I’m not a particular fan of the artist David Hockney, but I enjoyed Randall Wright’s documentary tribute to him as much for its spirited celebration of a life straddling many different worlds in time and place as for its examination of how his work has developed over decades and across numerous disciplines. Through wonderful archival footage, including the Hockney family’s own home movies, and interviews with family, friends, and the artist himself, Wright develops an extraordinary portrait of a man who grew up among the privations of postwar Britain — Hockney was born 1937 and was 16 when rationing ended — to embrace, in his art and in his life, the dreams and fantasies of legendary places: London, New York, Los Angeles. With his big black nerd glasses and dyed blond hair, Hockney wasn’t just the epitome of Mod cool in the 1960s, he helped invent it via his very public personality, hanging out with celebs even as he was becoming famous himself and making funky paintings and drawings that explored what it meant to be gay at a time before being out, as he was, was much accepted beyond the tolerant bohemian community he was part of. (Hockney’s suggestion here that AIDS killed bohemia isn’t something that hadn’t occurred to me before, but it has the ring of truth to it.) At nearly 80, Hockney is still making intriguing work, taking advantage of new technologies in ways that you might not expect from someone who is, as he notes, from the last generation to grow up without television. Today, Hockney is using iPhones and iPads to make clever, witty art that is expanding our ideas about how we can use all these new toys to see our world in unexpected ways. Did I say I wasn’t a fan of Hockney’s? Well, I am now.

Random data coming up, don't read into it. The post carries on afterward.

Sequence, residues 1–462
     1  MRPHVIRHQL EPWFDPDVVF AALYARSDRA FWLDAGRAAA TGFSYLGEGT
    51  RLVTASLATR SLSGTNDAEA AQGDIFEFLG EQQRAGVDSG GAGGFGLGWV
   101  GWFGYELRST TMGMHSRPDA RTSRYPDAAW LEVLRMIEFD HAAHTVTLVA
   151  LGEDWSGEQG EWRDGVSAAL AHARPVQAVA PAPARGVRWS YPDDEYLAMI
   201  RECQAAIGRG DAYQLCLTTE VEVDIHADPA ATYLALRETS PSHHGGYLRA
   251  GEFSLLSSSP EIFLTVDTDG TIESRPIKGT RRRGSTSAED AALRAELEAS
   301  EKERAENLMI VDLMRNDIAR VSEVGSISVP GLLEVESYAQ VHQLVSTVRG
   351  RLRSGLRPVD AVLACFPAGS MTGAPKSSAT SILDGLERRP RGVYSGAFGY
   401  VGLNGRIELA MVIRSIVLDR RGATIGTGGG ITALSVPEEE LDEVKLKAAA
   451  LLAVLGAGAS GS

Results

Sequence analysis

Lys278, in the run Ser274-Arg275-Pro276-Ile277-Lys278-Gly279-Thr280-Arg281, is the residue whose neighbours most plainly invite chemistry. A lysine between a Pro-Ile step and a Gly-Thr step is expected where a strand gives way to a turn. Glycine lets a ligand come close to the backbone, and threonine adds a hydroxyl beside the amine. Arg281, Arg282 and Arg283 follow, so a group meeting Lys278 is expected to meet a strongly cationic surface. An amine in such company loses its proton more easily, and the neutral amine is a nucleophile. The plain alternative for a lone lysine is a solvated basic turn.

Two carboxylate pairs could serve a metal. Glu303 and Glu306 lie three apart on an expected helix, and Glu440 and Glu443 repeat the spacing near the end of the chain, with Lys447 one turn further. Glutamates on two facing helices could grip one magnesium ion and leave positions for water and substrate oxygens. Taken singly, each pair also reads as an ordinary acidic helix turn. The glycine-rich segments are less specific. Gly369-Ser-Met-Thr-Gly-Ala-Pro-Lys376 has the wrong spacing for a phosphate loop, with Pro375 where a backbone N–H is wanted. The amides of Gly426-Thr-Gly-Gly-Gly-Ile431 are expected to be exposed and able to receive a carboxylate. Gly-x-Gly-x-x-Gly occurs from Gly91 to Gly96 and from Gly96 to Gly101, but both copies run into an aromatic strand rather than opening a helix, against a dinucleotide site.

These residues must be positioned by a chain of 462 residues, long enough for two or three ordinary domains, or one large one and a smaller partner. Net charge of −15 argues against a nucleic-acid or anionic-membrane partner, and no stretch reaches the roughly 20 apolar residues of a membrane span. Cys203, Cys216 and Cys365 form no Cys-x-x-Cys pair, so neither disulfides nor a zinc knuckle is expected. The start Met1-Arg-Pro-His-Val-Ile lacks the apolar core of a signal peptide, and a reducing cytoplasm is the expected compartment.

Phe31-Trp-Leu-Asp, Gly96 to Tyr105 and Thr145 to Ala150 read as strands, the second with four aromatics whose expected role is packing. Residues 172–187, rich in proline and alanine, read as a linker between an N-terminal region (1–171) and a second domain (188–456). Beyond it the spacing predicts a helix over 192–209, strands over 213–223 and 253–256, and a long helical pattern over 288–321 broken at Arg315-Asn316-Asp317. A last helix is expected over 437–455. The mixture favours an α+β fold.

viewed during the 58th BFI London Film Festival